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Lords to vote on Islamic State genocide

Mon 21 Mar 2016
By Aaron James

Peers in the House of Lords are expected to vote later on an amendment which would pave the way for Britain to recognise Islamic State's treatment of Christians and other minorities as genocide.

The amendment also says a High Court judge should adjudicate whether a genocide had actually occurred among those people.

Given the numbers of Christians, Yazidis, Shia Muslims and others who have been displaced by Islamic State for fear of their lives, this would likely lead to Britain's highest court deeming the group's actions as genocide.

For example last year the group released videos appearing to show the murder of 21 Coptic Christians in Libya (immediate below) and also three Assyrian Christians.




Today's vote comes after the US Secretary of State John Kerry and the US House of Representatives voted to declare the jihadist organisation's actions a genocide.

European Parliament made the same declaration earlier this year however the British government has been reluctant to make the same call, saying it is for other international bodies to make such a resolution and not them as an individual national government.

If the Lords amendment passes it would force MPs in the House of Commons to debate and vote on it, putting further pressure on the UK government.

On the weekend a ComRes poll commissioned by the Christian advocacy charity ADF International found most of the British public want the UK government to officially recognise Islamic State's treatment of minorities a genocide.

The ComRes poll found:

63% of the public support the British government officially recognizing the genocide, with 7% opposed.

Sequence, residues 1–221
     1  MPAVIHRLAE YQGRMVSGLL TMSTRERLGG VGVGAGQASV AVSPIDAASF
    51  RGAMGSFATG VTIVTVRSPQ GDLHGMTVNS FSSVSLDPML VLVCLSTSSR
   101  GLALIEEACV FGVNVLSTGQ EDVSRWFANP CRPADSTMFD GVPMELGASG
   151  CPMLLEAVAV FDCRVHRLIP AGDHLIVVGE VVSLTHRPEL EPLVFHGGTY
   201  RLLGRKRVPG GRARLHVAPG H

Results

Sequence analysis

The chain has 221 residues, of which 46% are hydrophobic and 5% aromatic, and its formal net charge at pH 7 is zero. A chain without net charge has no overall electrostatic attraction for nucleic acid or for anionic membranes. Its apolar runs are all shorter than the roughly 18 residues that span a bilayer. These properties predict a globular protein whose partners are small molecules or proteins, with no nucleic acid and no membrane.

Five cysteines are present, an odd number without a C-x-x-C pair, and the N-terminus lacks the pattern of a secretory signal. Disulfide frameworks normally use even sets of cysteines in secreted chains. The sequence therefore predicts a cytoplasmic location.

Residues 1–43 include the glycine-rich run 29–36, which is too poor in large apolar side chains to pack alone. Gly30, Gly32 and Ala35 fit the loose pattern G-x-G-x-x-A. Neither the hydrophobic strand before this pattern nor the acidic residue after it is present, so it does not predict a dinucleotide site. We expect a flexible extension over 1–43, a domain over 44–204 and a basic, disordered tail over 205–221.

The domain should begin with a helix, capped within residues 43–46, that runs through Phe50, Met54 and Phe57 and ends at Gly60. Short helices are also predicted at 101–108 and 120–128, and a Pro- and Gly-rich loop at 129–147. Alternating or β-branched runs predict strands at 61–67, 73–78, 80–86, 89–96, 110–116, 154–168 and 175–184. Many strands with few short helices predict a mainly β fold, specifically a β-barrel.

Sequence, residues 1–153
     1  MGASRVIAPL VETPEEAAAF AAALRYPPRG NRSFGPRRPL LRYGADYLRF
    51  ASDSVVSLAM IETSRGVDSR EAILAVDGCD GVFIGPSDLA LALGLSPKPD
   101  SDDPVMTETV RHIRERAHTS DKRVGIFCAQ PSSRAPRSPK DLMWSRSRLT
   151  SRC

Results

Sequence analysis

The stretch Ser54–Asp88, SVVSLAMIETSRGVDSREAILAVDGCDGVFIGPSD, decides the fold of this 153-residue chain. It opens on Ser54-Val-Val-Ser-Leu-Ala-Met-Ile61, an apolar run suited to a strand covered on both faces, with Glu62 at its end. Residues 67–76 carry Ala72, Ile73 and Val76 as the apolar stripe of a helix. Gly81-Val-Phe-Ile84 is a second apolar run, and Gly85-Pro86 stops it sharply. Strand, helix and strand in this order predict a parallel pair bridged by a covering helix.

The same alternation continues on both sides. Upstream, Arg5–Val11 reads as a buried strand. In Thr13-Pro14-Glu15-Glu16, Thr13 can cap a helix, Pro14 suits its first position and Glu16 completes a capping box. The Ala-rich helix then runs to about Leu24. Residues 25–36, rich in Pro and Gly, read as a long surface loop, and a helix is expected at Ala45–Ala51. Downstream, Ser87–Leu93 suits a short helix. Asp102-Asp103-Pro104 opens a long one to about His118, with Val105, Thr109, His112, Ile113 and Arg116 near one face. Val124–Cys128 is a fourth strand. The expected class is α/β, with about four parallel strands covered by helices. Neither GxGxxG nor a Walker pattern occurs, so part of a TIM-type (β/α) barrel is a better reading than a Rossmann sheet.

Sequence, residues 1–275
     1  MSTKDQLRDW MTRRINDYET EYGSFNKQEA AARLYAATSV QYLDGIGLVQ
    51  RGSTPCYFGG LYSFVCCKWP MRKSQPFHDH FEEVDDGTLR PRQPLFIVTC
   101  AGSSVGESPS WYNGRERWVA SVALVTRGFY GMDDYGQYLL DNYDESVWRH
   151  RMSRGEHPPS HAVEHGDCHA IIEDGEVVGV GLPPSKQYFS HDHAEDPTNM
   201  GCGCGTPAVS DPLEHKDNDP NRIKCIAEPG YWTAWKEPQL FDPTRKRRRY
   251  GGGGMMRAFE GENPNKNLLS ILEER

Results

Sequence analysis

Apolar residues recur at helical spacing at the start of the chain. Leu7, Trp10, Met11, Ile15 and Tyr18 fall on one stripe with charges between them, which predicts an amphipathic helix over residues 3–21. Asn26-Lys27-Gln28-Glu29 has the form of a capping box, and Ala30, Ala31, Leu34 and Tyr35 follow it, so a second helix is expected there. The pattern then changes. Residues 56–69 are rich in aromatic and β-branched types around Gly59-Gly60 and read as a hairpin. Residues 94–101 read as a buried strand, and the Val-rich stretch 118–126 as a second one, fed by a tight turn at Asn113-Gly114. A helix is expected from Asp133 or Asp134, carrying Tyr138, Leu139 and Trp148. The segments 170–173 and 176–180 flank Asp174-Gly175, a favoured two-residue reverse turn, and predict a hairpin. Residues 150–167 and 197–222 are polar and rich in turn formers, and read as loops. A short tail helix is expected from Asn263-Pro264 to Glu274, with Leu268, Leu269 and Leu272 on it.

69% of Britons support the U.K. raising the issue with the United Nations Security Council, with the aim of referring the situation to the International Criminal Court. 7% were opposed.

59% support the U.K. conducting a formal inquiry into the claims that the so-called Islamic State has committed genocide, with 14% opposed.

Baroness Caroline Cox, a Christian peer taking part in the Lords debate, told Premier: "Dietrich Bonhoeffer, the Protestant theologian executed by the Nazis, said silence in the face of evil is itself evil.

"God will not hold us guiltless. Not to speak is to speak, not to act is to act.

"There've been horrendous reports of killings, of rape, of attempts of forced conversion, sexual slavery, gender-based violence, mutilation, forced recruitment of children.

"You can't not care about that horrendous human suffering.

"If the government really does dig its heels in and say no, then I think that would be deeply deeply disturbing and shameful."

Listen to Premier's Aaron James speaking to Baroness Caroline Cox:

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